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Child Poverty Action Group

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CPAG Welfare Rights Handbook 2018


WELFARE BENEFITS AND TAX CREDITS HANDBOOK 2018/19

 

What does it cover?

Our definitive guide to all benefits and tax credits is an essential resource for all professional advisers serious about giving the best and most accurate advice to their clients.

Newly restructured, the handbook is now easier to use and it has been refocused to bring universal credit to the fore.

With detailed information on all the recent changes to the social security system, including the latest on the roll-out of universal credit and the sanctions regime, the Welfare Benefits and Tax Credits Handbook provides comprehensive advice about entitlement in 2018/19

 

This edition includes new and updated information on:

 

• who can claim benefits and tax credits

• the roll-out of universal credit

• disability and incapacity benefits, and the work capability assessment for employment and support allowance

• dealing with benefit sanctions

• challenging decisions, backdating, overpayments, income and capital, and national insurance provisions

• changes to support for mortgage interest

 

Fully indexed for ease of use and cross-referenced to law, regulations, official guidance and court decisions, Upper Tribunal and commissioners’ decisions, the handbook also offers tactical information on common problem areas and advice on how to challenge decisions.

 

Who is it for?

 

The Welfare Benefits and Tax Credits Handbook is an essential resource for welfare rights advisers, lawyers, local authority staff, social workers, union officials and claimants.

 

Cover price £61 and for CPAG members and CAB customers £51.85.

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CPAG – Guidance on Shared Parental Leave


Shared parental leave and statutory shared parental pay is being introduced for couples expecting a baby or adopting a child on or after 5 April 2015. This replaces additional paternity leave and pay, and offers more flexibility to couples to share the responsibility for the child and protect their income in the first year.

Shared parental leave is available to parents who share the care of a child with husband, wife, civil partner or joint adopter the child’s other parent a partner (living together) –  includes same sex couples.

The mother must first meet the qualifying conditions for maternity leave, statutory maternity pay or maternity allowance, and then decide to give it up in favour of shared parental leave and pay. The other parent/partner must also meet conditions about employment and earnings. Opting for shared parental leave allows leave and pay to be split between each person and into up to three separate blocks of leave in the first year. It can also be taken at the same time, allowing a couple more time together with the baby.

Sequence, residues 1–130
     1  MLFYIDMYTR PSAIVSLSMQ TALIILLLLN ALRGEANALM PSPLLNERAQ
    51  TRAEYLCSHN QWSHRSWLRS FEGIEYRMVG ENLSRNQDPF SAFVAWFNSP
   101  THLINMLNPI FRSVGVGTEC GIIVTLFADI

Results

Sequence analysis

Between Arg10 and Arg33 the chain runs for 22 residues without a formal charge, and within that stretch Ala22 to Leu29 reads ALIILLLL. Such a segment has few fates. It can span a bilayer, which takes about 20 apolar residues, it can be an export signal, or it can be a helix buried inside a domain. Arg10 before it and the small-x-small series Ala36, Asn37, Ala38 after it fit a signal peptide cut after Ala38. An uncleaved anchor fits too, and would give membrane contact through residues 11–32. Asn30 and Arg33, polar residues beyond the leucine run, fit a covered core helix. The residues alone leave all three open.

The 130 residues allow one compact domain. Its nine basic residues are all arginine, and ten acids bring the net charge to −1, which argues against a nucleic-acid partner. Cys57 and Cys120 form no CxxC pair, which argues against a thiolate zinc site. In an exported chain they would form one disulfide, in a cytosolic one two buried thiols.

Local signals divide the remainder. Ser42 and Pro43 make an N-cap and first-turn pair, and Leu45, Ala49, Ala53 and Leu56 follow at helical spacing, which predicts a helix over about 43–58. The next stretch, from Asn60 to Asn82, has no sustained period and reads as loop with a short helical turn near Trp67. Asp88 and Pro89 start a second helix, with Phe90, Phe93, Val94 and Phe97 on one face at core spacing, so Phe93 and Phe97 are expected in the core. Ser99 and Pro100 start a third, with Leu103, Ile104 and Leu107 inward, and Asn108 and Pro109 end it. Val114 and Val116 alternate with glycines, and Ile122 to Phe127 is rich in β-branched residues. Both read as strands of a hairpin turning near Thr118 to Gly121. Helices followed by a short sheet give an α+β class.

Alternatively, statutory maternity leave and statutory maternity pay can still be claimed as before by women who choose to do so, or are lone parents, or whose partner is not in work. Similarly, statutory adoption leave and pay can still be claimed instead of shared parental leave. ‘Ordinary’ paternity leave and pay (1 or 2 weeks in the first 8 weeks after the birth) is not affected by the change, other than now simply being known as ‘paternity leave’ and statutory paternity pay.  

Tax credit rules are also amended so that someone receiving shared parental pay, or on shared parental leave for up to 39 weeks, can still be treated as in work, if working immediately before.

More information on shared parental leave is available at www.gov.uk/shared-parental-leave-and-pay

CPAG – Recent Upper Tribunal case for HMRC


This section summarises recent decisions of the Upper Tribunal; these set a binding precedent on HMRC decision-makers and First–tier Tribunals in similar cases.

HMRC must show reasonable grounds for changing decision

This is another case highlighting HMRC’s poor practice in failing to set out the legal and factual basis for its decisions, and its appalling treatment of lone parents it has accused of living with a partner. In this case, the claimant was originally awarded child tax credit and working tax credit as a single claimant. Nearly a year later, HMRC declared that it had ‘reason to believe’ she was living with an undeclared partner and ended her claim because she ‘failed to provide sufficient evidence to support the validity of her single claim’. The Judge describes HMRC’s flawed logic in basing such a decision on the claimant’s inability to prove a negative, i.e. the failure to provide certain evidence that she is not living with a partner. ‘Astonishingly’, the claimant did send a reply and documentary evidence, which HMRC failed to include with the appeal papers. HMRC went on to take the ‘bold step’ of asking for the appeal to be struck out because the claimant had not provided evidence requested, despite not offering any itself. The Judge makes it clear that:

  • the onus of proof is on HMRC in these cases;
  • it must set out its evidence for reasonable grounds to change its original decision under section 16 of the Tax Credits Act;
  • it cannot rely on an adverse inference from the claimant’s failure to provide evidence.

The outcome of this case was that due to these failures, HMRC’s decision was cancelled, thereby reinstating the claimant’s entitlement. 

Read the decision in full: SB v HMRC [2014] UKUT 0543 (AAC)

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